How is CJML different?

Generally speaking, journey maps are diagrams or visualizations that represent the customer’s steps or touchpoints chronologically along a horizontal axis. A quick Google search can yield thousands of different formats. The journey maps typically have three factors in common:

  1. All journey maps have a clear customer (or end-user) perspective
  2. All journey maps have a time dimension along the horizontal axis
  3. All journey consists of steps often called touchpoint: These are the key interactions or events within the customer journey.

However, this is where the different journey approaches start to diverge. First of all, definitions are often missing. The level of detail and abstraction in the touchpoints can vary significantly, from specific events like receiving an email to broader phases of a life cycle, such as airport check-in. While the horizontal axis always represents time, the vertical axis is flexible and can depict anything from communication channels, to emotions, opportunities, or a combination of these. In particular, it’s often challenging to determine who the end-user actually is. Is it a persona? Is it a real end-user (and if so, who exactly)? Could it be a hypothetical journey, like a best-practice or a “sunny day scenario”? Or is an “average user”? Alternatively, is it simply an idealized vision of how the analyst hope it would be? These questions become particularly intriguing when emotions are incorporated into the diagram. Who “owns” this experience?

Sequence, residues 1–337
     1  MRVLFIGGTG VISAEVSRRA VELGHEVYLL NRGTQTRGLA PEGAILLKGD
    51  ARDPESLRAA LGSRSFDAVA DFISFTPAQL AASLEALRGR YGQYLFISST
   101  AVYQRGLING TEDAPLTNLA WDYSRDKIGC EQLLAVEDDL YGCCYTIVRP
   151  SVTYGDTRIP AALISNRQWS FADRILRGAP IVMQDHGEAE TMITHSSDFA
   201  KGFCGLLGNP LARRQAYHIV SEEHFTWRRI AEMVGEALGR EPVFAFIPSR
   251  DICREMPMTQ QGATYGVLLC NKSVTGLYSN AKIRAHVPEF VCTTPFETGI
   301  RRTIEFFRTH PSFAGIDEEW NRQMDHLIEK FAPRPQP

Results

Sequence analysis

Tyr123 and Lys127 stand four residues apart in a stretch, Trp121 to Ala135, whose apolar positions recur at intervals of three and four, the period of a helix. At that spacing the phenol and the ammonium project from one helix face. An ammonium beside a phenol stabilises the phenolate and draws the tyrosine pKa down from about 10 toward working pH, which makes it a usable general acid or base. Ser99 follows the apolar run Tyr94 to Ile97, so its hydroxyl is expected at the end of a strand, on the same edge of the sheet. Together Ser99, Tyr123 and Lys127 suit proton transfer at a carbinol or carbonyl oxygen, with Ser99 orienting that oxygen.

CJML is a different approach to customer journey methodology which allows for a more detailed and precise modelling of customer journeys. Through its distinction of planned and actual journeys, it allows comparison of individual journeys against how the journey was planned to be.

The table below captures some important aspects of journeys and compares the traditional approach to the CJML approach.

Traditional journey appraoch CJML approach
Customer’s perspective End-user’s perspective (including customer)
Process steps are called touchpoints Process steps are called touchpoints
Often a blurred line between “theory” (to-be) and “reality” (as-is) Clear separation between “theory” and “reality”
Flexible granularity of process steps and abstraction Atomic touchpoints and abstraction through journey phase
Often unclear whose feelings and experiences are shown Experience is seen as an individual, subjective phenomenon that may vary over time.